Preparing for your investment property purchase

If you are planning to invest in a Buy To Let property this year, then there are some key things you need to do to prepare for your purchase and put yourself in the best possible position.

 

  • Engage with a mortgage broker who understands the investment property market and complete an initial financial assessment with them. By completing the initial assessment, we can flag up any issues in your personal circumstances that may need addressing before you start to view any properties and certainly before you submit any offers! I always make sure that my clients are prepared and ready for applying for a mortgage or bridging finance as soon as their offer has been accepted in order to proceed quickly.
  • Discuss with your broker how your anticipated property investment strategy works from a finance point of view, taking into consideration your individual circumstances so you know if there are any limitations.
  • Prepare all of your paperwork and have everything up to date and ready to produce that a lender may ask for when applying for finance.
  • Obtain a copy of your credit report so that you can see if there is anything showing on your report that could cause an issue further down the line. You can also make sure that you are on the voters roll.

 

Self-employed or a Director?

By now you would have submitted your tax return for the 19/20 tax year and may even have submitted or be ready to submit your 20/21 tax return. It is key to ask your accountant or tax advisor to send you the tax calculation summary and overview to confirm the tax you have paid. Lenders more and more, request both of these documents when assessing your income, so to save time, if you have both of these ready before you apply for your mortgage you will be in good position when you come to submit the finance application.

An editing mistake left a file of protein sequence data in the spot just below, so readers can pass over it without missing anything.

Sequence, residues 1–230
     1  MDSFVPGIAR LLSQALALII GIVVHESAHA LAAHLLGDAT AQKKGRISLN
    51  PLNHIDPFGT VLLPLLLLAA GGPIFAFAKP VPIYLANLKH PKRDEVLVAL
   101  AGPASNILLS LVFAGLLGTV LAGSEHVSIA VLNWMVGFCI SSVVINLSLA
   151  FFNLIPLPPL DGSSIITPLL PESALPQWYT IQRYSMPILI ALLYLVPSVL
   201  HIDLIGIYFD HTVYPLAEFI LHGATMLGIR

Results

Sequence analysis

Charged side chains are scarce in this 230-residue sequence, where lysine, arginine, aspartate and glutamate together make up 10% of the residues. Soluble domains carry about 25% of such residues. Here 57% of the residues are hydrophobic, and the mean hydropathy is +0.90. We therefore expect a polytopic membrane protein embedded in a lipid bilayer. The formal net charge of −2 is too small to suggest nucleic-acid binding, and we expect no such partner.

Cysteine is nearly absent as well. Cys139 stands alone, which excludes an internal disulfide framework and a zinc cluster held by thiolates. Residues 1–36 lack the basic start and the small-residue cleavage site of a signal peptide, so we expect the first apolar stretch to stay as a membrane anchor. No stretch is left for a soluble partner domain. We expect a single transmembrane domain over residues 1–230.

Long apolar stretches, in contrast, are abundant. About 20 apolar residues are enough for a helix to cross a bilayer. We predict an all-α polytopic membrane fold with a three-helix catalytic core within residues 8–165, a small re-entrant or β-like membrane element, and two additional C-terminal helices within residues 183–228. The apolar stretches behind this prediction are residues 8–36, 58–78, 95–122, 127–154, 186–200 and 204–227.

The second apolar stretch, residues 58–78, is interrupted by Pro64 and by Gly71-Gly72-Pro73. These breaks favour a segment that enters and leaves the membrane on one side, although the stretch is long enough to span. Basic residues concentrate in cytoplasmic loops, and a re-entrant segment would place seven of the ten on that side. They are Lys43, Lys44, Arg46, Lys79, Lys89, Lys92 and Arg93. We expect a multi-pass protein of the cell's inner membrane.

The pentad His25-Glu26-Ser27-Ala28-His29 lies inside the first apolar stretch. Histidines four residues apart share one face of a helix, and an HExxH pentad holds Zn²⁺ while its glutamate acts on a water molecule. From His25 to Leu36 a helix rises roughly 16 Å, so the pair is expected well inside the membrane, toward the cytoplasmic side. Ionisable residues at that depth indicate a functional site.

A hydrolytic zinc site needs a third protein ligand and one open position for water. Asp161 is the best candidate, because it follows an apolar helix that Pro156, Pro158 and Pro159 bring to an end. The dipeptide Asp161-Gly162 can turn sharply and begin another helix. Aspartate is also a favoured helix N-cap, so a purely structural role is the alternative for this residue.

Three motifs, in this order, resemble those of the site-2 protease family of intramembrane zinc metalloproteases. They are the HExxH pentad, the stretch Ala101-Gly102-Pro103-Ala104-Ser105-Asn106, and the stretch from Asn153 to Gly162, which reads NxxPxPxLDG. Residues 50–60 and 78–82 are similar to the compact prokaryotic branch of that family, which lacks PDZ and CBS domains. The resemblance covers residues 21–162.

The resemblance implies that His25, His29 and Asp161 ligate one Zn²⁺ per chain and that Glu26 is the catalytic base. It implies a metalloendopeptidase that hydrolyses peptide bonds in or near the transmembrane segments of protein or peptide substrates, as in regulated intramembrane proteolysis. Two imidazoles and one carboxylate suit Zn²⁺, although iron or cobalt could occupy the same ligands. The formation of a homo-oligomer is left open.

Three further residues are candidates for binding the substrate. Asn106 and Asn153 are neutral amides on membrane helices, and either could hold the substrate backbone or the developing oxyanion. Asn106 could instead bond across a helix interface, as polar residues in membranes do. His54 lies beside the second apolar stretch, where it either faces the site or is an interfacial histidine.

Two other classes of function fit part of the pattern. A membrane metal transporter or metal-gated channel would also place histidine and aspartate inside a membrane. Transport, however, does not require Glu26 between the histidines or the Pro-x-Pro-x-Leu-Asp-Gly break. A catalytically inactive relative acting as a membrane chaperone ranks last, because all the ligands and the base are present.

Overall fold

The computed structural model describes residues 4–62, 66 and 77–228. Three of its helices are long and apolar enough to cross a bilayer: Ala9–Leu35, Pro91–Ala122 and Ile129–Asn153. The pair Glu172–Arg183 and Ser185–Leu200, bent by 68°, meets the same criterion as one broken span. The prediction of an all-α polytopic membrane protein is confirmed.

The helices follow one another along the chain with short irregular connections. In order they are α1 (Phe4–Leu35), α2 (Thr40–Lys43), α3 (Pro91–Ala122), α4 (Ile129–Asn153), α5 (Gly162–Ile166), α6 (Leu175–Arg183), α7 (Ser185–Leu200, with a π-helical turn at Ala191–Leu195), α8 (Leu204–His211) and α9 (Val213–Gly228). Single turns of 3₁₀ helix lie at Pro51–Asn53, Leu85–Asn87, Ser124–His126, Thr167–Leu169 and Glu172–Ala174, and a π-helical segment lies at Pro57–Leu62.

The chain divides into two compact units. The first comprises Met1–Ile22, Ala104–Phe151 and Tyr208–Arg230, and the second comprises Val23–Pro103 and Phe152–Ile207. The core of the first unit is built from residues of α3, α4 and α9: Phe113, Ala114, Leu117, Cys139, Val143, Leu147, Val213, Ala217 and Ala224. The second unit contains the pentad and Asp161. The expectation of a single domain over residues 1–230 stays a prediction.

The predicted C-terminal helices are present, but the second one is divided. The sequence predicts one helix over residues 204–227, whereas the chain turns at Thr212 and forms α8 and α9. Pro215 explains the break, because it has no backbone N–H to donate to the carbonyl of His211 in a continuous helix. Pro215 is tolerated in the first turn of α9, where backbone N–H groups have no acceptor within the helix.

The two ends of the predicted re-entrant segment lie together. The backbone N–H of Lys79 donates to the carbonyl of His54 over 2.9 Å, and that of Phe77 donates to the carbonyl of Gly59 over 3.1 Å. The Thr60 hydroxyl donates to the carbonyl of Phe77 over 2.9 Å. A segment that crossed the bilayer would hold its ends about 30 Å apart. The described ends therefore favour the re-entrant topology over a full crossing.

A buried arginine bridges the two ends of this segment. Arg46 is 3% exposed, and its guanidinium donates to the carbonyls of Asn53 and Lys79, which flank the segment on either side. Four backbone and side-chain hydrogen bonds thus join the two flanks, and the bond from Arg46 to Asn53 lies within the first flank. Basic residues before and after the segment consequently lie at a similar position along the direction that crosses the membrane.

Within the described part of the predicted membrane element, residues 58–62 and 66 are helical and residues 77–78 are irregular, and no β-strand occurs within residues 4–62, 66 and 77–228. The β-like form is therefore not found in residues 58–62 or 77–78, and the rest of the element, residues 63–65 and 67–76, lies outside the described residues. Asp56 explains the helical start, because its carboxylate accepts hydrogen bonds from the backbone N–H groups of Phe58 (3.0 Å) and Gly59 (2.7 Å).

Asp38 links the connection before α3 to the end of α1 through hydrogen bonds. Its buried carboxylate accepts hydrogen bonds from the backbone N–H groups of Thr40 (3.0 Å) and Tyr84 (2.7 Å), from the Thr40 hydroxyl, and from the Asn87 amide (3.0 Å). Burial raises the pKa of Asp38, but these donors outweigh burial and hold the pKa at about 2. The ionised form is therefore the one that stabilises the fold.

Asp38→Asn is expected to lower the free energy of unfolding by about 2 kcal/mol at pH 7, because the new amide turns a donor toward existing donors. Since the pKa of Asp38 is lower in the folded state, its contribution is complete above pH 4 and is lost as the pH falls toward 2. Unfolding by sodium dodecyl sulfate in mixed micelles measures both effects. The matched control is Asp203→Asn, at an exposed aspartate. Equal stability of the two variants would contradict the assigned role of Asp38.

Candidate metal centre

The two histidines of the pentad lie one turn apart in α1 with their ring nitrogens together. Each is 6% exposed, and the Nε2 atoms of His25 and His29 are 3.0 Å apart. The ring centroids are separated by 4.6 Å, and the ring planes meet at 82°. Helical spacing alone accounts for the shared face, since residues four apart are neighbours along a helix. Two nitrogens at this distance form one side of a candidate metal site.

If you already own rental properties and have the income from these shown on your tax returns, it’s also a very good idea to keep a copy of your full SA100 return to show a breakdown of the rental income that you have reported, this is even the case if you have expenses offsetting the rental income.

I always recommend having at least the last 2 years’ tax calculation summaries and overviews, just in case you go with a lender who needs at least 2 years’ worth.

 

Portfolio Landlords

If you are a portfolio landlord, then now is a good time to review your documents also. One of the most important documents that a lender will ask for is your portfolio schedule.

It is so important that you spend some time online reviewing the property valuations you have stated and ensure that all of the rental income for each property is accurate.

The portfolio schedule is also one of the most important documents for your broker when assessing finance options and the lenders available to you as a portfolio landlord. By keeping this information up to date you can ensure a smoother underwriting process and there will be less chance of a lender declining your application based on the portfolio assessment.

Personally, I check my portfolio assessment at least once a year, particularly around August time as my rental properties are let to students, they tend to move in during summer and each year the rental income normally increases slightly, so I use this time to update my portfolio schedule too.

 

Life cover provisions in place

This is the one area that is often neglected and that is your long term strategy for the portfolio and whether you should be thinking if life cover is needed to allow you to meet your long term plan.

There are many types of potential cover that are available for this purpose and I would strongly recommend talking to your broker to discuss this in more detail.

 

Buying in a sole name or Ltd company

Whether you purchase a property in your sole name or via a Ltd company is certainly a conversation you should have with your accountant or tax advisor. It Is down to everyone’s’ each individual circumstances and can be affected by a number of things, such as; how many properties you are planning on buying, what rate of tax do you pay now, will you be drawing an income from the rent etc.

Getting this right before you buy your first investment property is key to make sure that you don’t pay any unnecessary tax further down the line. Speak with your accountant or tax advisor!

 

If you would like to discuss buying an investment property, be it to keep and rent out or renovate and then sell on, then please feel free to get in touch and we would be happy to help.

We don’t charge a fee for our advice either!!

Mortgage brokers based in Nottingham.